What makes you a good volunteer?

It’s an undeniable truism: volunteering is one of the most fulfilling things you can do with your life. Whether you’re taking a gap year, some leave from work, or simply want to take on a new challenge for a week or two, volunteering can be a life-changing, life-defining experience.

There are no hard and fast rules to the world of volunteering. Each project and experience is unique to the volunteer and their placement, but these tips on what makes a good volunteer should help you when making a decision.

Children from Ivory Coast go to school in Liberia camps
Children from Ivory Coast go to school in Liberia camps


It might go without saying, but volunteering is no holiday. You’ll have the opportunity to visit some of the most beautiful places on earth, and will certainly get the chance to explore and soak up the culture. But volunteering at its core is about helping others, and that means being unafraid to roll up your sleeves and put in the work.

Some volunteer programmes, such as construction or building, can be physically tough and have irregular hours, including late nights. It may be challenging but the satisfaction of a job well done is an incredible reward, and your self-esteem and pride will receive all manner of boosts from witnessing the fruit of your hard graft.

A team player

Almost all volunteering programmes involve a team of some sort. It’s an inherently social activity, and that often means letting go of an ego and submitting to the consensus. When working for a good cause, the driving force should never be yourself, but the greater good. There’s no greater feeling of affinity than when everyone around you is working towards a common goal.

For that full team experience it’s worth signing up to a programme with an organisation like Projects Abroad – visit their website for details.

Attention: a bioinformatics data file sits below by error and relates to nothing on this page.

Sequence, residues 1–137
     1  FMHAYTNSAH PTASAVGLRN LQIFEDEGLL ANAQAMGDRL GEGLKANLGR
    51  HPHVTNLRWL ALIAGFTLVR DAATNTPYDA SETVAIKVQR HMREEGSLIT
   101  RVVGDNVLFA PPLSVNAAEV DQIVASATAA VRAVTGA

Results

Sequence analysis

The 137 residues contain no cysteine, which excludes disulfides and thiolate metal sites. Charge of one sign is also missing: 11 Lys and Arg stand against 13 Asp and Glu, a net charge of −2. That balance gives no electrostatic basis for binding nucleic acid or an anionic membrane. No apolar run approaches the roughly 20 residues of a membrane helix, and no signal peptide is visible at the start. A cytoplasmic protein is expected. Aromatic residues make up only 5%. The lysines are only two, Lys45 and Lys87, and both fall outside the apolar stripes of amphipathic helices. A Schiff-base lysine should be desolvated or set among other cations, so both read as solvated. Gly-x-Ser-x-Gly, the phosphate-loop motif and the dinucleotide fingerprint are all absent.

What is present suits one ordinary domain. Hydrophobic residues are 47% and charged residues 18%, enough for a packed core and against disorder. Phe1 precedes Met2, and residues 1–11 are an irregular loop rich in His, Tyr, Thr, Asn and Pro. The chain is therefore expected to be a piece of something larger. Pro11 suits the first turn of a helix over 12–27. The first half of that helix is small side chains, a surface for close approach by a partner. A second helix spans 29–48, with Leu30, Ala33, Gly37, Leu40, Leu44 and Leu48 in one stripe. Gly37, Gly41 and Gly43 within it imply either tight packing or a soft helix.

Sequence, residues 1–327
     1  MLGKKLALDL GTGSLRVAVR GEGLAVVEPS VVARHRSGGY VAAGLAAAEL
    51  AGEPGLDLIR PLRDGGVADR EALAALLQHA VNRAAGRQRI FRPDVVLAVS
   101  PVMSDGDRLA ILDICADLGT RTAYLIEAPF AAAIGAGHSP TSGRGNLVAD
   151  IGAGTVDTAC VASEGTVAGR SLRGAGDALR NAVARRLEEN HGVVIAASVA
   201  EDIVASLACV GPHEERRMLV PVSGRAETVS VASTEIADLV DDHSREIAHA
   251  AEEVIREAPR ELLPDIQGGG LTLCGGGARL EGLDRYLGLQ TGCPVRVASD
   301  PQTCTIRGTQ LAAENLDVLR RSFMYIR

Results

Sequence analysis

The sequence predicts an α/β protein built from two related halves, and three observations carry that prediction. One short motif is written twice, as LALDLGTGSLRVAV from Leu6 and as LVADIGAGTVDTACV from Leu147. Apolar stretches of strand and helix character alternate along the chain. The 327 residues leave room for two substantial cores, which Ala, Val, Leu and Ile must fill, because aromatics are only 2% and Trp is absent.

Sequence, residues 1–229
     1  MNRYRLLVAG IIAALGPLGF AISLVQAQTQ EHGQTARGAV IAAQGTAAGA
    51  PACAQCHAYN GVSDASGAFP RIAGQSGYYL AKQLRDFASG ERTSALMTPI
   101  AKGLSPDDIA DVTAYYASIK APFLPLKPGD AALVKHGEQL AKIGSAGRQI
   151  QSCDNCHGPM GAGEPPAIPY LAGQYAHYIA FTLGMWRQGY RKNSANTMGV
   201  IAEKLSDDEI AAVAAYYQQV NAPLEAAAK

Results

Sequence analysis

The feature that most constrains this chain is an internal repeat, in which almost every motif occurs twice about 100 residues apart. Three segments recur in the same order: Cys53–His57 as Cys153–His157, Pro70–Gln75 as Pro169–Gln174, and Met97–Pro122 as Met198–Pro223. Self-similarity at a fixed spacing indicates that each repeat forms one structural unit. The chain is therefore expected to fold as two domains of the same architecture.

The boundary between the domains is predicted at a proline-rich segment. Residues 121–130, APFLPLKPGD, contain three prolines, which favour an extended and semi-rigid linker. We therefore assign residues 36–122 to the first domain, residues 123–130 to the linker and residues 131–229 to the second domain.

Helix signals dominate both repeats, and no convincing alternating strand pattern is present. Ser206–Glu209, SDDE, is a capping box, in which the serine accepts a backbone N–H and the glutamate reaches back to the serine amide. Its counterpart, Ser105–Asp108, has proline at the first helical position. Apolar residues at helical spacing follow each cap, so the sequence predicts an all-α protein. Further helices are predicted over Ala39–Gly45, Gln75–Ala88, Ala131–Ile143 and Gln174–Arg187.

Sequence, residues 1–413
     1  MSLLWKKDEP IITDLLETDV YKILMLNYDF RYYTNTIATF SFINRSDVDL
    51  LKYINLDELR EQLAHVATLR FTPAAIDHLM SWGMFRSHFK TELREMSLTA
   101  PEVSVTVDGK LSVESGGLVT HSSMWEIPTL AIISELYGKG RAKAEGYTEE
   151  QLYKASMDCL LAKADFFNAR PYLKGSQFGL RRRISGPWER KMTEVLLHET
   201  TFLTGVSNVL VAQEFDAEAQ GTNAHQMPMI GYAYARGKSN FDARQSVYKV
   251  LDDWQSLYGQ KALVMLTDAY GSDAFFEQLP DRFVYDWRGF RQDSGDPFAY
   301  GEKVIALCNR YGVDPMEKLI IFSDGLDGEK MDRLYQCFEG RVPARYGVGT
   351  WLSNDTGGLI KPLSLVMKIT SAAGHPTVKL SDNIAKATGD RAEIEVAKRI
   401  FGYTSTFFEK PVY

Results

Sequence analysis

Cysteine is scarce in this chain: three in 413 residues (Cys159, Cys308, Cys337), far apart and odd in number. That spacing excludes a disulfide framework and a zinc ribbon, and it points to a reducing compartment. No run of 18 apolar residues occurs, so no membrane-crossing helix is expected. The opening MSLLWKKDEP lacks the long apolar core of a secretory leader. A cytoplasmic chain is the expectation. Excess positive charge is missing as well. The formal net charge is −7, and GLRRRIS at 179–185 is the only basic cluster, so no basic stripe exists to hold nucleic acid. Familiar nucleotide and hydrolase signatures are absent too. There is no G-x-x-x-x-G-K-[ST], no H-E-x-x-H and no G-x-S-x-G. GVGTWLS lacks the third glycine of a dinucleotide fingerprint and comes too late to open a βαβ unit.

Culturally sensitive

The beauty of volunteering is the unique opportunity it affords you to visit far-flung places around the world, many which you might never have thought you would. Of course, this privilege comes with certain responsibilities. It’s essential that you’re always respectful of the land you have been welcomed into and the people you work with and help.

Everything from medical volunteering abroad to environmental conservation requires the utmost of tact and consideration. Your host organisation can usually provide helpful guides on this, as every country is different and has varying customs and beliefs.



Project HOPE volunteer plays with a Cambodian girl
Project HOPE volunteer plays with a Cambodian girl


 It’s right there in the dictionary definition of ‘volunteering’, an activity that demands from the onset a great deal of sacrifice. In volunteering you’re giving up your time, and possibly money, for a good cause. When the hours are long and you’re exhausted, the reasons why you’re working hard for no money might be hard to see. But the rewards are there, and manifold – experience, friendship, and a fundamental sense that you’ve made the world a better place to live in.


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